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The Pickens sentinel. (Pickens, S.C.) 1871-1903, March 29, 1894, Image 1

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VOL. ~ PLOKENS, S. (5., THURSDAY, MARdI 29, 1894. NO, 28.
FINANCIAL DEPKE1iSSION.
THE STANFORD LAND LOAN PLAN BE
ING TALKED ABOUT AGAIN.
The Govermenit' Money I'ovlley 8d
Much to do wil, the ]Present Oondition
of Aftira--A Plea tor the Agricultural
Clmasse.
WASInNGTON, D. C., March 22.-The
depression < the times, the general
tightness of money, the gloomy future
outlook has again revived interest in
h plan suggested by the late Senator
d tanford, of Colifornia, looking
e tellef of the agriultural classes.
This in brief was that the United
States government ought to loan money
on cultivated lands up to one-half of
its assessed value at a rate of interest
not over 2 per cent. a year.
A staunch advocate of this plan, and
one who was a warm friend of Senator
Stanford, is Col. J. K. Rickey, of Mis
80111. Col. Rickey is now in this city.
Ho has given more than passing study
to the general questions 6bf finance and
is an authority on its complications.
1 asked, the Colonei today what in his
opinioA has caused the great depres
mion which now exists'in this and other
countries.
"The causes are many," he ans wered,
"but i will discuss only one. The fl.
itancial policies of ' the government,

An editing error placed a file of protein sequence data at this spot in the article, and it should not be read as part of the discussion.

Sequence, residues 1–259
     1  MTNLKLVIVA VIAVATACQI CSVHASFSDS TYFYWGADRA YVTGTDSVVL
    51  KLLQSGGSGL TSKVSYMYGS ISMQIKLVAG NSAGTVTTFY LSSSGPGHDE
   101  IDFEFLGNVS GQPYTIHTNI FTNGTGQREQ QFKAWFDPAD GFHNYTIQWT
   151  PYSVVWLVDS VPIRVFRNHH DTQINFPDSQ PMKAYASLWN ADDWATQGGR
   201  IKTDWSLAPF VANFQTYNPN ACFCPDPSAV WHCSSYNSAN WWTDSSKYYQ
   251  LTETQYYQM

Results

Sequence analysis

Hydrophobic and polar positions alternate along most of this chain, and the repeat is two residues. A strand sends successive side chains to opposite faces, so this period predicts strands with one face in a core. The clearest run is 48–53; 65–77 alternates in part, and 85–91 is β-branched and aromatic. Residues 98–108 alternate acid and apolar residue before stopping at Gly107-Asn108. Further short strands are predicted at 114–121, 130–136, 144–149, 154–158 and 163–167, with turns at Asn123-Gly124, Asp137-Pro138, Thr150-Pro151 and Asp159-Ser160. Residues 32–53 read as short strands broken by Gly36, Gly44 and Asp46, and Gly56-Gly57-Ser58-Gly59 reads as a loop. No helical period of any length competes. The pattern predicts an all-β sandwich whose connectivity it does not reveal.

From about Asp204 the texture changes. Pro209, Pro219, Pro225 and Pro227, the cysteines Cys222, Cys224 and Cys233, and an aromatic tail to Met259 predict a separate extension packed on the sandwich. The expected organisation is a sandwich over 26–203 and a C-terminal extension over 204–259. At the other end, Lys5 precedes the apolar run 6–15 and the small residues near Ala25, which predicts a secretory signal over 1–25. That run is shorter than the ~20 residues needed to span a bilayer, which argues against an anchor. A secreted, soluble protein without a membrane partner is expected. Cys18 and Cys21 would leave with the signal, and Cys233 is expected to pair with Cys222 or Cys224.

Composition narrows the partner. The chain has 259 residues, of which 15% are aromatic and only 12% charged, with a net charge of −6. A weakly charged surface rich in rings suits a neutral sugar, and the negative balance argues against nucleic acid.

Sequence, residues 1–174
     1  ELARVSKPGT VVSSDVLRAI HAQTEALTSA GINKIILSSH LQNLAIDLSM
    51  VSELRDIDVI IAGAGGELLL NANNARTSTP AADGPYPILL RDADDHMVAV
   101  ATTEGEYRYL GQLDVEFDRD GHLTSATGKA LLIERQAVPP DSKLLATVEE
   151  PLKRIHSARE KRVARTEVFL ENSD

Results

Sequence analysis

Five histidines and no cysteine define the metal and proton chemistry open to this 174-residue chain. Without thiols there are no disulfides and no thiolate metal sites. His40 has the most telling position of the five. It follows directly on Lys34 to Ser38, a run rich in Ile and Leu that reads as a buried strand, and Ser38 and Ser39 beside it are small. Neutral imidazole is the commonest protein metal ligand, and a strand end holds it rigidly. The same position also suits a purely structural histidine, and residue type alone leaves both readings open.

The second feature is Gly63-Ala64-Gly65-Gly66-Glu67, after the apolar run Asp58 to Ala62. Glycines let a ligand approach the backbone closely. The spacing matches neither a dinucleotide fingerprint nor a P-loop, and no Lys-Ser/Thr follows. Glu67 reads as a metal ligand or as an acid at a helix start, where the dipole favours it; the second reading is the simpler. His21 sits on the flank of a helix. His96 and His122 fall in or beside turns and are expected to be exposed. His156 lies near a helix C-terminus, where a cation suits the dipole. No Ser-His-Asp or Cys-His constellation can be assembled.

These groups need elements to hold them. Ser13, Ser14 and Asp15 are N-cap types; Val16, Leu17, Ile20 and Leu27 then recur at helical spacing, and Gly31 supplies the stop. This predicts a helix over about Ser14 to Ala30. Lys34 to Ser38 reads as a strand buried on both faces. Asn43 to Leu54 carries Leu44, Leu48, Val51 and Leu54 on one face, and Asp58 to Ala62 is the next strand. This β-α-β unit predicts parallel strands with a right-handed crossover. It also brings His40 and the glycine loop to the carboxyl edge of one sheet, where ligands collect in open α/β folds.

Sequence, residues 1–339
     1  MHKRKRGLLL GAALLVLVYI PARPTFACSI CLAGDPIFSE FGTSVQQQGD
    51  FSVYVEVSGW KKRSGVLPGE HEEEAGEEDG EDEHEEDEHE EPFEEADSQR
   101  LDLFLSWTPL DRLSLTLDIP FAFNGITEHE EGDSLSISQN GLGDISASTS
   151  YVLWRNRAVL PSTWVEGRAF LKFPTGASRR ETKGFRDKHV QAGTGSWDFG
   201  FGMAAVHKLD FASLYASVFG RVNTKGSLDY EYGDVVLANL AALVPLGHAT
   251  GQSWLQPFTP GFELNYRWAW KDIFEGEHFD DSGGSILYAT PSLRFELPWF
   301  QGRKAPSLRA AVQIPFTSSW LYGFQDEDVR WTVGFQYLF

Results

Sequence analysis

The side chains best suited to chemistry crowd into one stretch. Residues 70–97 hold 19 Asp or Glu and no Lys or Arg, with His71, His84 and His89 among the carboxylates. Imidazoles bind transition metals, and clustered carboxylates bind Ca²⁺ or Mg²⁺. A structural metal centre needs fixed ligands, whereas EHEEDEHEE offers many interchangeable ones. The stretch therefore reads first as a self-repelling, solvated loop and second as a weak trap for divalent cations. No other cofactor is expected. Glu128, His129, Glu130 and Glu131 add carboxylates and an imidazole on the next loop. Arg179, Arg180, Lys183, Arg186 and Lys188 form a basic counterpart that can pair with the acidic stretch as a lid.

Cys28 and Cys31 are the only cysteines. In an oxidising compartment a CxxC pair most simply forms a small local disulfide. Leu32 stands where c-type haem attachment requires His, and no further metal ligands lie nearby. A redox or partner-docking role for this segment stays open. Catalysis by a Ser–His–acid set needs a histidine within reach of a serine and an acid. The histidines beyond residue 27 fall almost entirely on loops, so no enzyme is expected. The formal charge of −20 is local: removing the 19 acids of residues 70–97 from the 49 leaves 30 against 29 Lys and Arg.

since the demonetization of silver, have
contributed more to this depression
than all other causes combined. From
1861 until 1872 there were ample mon
ey to do the business of the country
and every branch of trade was pros
porous.
"When the policy of contraction en
sued, depression set n and has con
tinued, until we are ow on the eve of
bankruptcy. Our financial and tariff
legislation, whether intentional or not,
has placed burdens upon the preducing
and farming classes to such an extent
that at least 80 per cent. of the taxes of
the country is born'e by them. A
steady decline in the price of farm pro
ducts has followed, until now there is
scarcely a commdity produced on the
farm which is not produced at a loss
Wheat, which sold during and after the
war at from $1.50 to 82.50 a bushel is,
now piled up in warehouses and eleva
tors and finds no market at more than
60 cents a bushel."
"Colonel," I said, "most authorities
on finance theorize; can you dwell on
the subject of taxation in a practical
way?" -
"I think so," added Colonel Rickey
"The people of the United States have
paid since the war 830,000,000,000 for
Federal taxation, and, from the very
best statistics obtainable, there are nowv
880,000,000 of interest-bearing bonds iru
existence upon which the people are
paying 6 per cent, or more interest,
besides the individual indebtedness,
statistics of which are not obtainabic
but whicA must be many millions more.
The interest tax upon our people is
greater than all the other taxes com
bined. As 97 per cert. of the business
of the country was done on credit last
May, when the panic set in, and confi.
May, was shaken, this cre41it, which
was used as money, began to disappear
like snow under a warm sun and in less